One of Bayard’s Newest and Noteworthy: Deborah Correa

Intern Interview – Hillary Bergman

As a University of Michigan Literature and Language student, I am constantly being challenged, yet captivated as a Digital Strategist Intern at Bayard.  It seemed that this was what the advertising world was all about, and that I would just have to get up to speed on-the-job if I wanted to continue in this field without switching my major.  That was, well, until I met Deborah Correa, Bayard’s copywriter.

She only arrived this past December, but has been critical to us ever since. Her previous experiences include per-project based freelance film writing, and working in the creative department of Disney.  Having been a documentary filmmaker and fashion blogger, combined with her having a degree in filmmaking and writing, has translated to bringing unmatched creativity to our campaigns. debbie

The majority of our interview consisted of me scrambling to write down every word she said, because the advice she was sharing about being a copywriter was truly smart and achievable.  Correa stressed the importance of having good ideas, and following that with good execution.  Similarly, she said that understanding that different clients expect different things is important, and you have to be able to work with all of them.  Obviously, writing skills are critical, too.  Other tidbits that I learned from her include the necessity of knowing language and grammatical skills better than anyone else.  “People notice good writing,” she said, “Most people write the way they speak, which isn’t grammatically correct, and you have to be able to tell people when they’re wrong and then be able to show that; you really just have to know more than they do.”

When asked how the copywriting division is changing with the times, Correa replied, “Social Media is changing, and what works in those fields.  It is most important to know your audience.”  Bayard writes banner ads, website ads, mobile ads and more, and the same copy format doesn’t necessarily work for each of those different platforms.  “It’s about figuring out how to be creative with non-creative stuff…it’s important to work with the currency of ideas,” Correa noted.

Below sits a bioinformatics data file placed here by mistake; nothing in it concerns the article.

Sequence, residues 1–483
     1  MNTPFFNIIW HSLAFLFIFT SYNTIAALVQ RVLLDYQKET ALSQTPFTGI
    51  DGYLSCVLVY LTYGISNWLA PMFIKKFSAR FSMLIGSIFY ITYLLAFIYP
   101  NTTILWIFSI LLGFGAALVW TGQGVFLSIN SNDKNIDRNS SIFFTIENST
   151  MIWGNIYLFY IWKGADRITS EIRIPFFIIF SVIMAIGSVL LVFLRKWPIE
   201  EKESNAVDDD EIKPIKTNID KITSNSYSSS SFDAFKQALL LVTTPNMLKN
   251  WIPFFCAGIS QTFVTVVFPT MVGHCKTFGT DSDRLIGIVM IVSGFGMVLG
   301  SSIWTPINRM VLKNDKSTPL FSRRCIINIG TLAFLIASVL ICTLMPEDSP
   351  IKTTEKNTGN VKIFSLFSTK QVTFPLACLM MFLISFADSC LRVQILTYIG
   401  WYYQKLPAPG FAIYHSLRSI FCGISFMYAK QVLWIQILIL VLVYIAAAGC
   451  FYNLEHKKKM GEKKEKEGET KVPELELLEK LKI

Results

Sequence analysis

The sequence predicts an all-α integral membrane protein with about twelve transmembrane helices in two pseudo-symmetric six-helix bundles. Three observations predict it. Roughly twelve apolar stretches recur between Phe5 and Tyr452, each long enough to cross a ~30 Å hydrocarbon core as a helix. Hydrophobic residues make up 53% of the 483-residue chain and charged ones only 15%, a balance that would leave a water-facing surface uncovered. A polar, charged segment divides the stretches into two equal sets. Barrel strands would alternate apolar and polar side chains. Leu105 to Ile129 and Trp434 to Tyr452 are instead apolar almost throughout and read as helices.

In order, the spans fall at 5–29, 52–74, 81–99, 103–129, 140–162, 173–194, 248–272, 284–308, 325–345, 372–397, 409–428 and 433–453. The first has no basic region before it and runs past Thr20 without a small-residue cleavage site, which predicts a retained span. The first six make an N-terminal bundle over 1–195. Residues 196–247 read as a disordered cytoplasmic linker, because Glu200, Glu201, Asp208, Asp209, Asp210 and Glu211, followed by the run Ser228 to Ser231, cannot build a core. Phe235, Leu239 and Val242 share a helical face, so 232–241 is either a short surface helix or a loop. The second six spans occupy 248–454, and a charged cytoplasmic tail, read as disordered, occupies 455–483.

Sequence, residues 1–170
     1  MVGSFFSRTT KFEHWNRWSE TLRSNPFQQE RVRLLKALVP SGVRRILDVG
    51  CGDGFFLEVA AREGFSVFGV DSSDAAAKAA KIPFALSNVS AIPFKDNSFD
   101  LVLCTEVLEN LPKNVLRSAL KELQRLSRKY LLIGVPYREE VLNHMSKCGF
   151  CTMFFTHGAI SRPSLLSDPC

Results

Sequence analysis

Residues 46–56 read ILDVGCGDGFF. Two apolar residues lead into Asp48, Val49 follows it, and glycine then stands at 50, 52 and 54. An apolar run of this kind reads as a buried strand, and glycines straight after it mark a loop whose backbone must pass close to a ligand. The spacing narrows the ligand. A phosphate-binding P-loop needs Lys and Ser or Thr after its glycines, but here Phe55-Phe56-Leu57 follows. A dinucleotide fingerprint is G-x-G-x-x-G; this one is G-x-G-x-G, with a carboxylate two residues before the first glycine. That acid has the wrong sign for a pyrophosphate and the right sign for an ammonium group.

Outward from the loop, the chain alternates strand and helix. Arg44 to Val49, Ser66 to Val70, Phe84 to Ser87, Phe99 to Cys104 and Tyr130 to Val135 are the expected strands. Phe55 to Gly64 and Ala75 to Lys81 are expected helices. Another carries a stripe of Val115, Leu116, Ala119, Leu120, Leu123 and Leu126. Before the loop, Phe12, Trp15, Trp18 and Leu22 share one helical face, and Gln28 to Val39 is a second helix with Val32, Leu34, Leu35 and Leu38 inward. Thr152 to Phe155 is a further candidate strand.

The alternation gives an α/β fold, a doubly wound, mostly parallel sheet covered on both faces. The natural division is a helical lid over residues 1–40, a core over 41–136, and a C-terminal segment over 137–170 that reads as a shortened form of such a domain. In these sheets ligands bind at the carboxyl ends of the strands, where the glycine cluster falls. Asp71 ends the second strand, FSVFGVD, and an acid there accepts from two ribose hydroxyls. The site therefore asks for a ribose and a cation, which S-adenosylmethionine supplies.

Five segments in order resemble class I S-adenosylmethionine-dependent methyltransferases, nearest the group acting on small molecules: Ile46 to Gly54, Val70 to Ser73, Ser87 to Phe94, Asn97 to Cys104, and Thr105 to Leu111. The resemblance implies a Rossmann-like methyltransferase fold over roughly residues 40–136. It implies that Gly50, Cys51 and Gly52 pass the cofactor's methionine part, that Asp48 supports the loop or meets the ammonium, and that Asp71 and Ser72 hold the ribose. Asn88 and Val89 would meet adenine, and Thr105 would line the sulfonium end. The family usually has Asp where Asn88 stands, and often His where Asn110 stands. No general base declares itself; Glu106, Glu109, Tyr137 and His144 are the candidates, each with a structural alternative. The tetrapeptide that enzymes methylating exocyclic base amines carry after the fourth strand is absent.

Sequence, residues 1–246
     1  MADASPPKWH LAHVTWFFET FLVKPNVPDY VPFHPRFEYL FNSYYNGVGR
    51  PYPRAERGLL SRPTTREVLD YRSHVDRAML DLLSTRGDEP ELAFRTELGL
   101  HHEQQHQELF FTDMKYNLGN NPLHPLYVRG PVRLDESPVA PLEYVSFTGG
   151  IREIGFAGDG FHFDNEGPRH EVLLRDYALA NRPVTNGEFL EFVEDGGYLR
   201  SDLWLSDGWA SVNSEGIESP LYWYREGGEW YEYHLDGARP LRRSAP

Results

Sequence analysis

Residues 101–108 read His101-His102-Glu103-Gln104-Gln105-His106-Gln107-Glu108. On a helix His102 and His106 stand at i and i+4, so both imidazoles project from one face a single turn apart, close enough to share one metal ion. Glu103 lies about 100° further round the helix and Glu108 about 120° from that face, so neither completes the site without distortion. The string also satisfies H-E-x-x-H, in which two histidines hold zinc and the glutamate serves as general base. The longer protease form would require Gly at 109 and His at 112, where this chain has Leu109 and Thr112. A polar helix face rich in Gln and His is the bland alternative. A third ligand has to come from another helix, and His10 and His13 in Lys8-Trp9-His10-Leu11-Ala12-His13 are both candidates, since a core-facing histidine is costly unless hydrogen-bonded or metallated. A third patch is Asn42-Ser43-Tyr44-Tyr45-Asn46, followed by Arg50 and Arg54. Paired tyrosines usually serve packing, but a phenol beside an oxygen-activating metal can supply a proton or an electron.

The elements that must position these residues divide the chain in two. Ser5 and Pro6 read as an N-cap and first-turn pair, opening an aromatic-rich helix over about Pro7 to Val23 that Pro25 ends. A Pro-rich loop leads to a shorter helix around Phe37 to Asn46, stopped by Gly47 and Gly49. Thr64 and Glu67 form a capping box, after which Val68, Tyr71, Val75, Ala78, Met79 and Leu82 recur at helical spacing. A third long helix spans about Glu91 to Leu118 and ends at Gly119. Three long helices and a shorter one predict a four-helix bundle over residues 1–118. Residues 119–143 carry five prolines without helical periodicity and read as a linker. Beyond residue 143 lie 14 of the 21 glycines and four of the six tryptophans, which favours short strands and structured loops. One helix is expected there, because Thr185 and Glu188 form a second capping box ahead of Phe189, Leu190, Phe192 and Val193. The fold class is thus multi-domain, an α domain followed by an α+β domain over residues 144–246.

In my efforts to compile a list of what everyone here believes is differentiating about Bayard, Correa told me that, “Bayard is in a niche market, specifically recruitment marketing; it’s the bread and butter of the company.  We have big clients like LG but what we do is really try and get in the head of the jobseeker.” Furthermore, that would include jobseekers in whatever realm they are looking to pursue.  This makes Correa’s job especially important, because she has to create new copy for all of our clients, many in different markets.

I asked her to share with me the process of getting copy from conception to customers, and she laid it out: “First, there’s a kickoff meeting with the client and the creative director, then research, brainstorming…a lot of trial and error.  Sometimes you just have to stop and take a step back from the idea and it could come to you over the weekend or something. For something like the Expedia career site, there is a lot of strategic thinking that takes a lot of time.  With a lot of these ads, we have to help redesign and rebuild these company’s ads and sometimes their brand strategy.”  I then paused and questioned, “but with a method like this, would you say copywriting is creative, or mechanical?”

She responded matter-of-factly, “Firstly, and most importantly, it is creative.  The beginning is creative and then the execution is mechanical.  I’d say it’s more creative than mechanical.”

A lot of her advice opened up my eyes to what is actually required of working in the advertising industry, versus everything we see on Mad Men.  Correa stressed, “The hardest thing is that some of the clients don’t know how to tell their own story in a compelling way, which is why they don’t always know what they want.” Insert the trial-and-error period, and the root of our services.

Correa’s final words are now essential to me in my pursuit writing, as an English student, and as an aspiring advertiser.  She simply told me to write; to write a blog about something you are interested in, something you can showcase.  She told me to work for mastery of writing, and to make sure it can stand on it’s own.  For example, if you have a fashion blog, yet are trying to be an editor—regardless of topic—make sure that your writing skills shine through.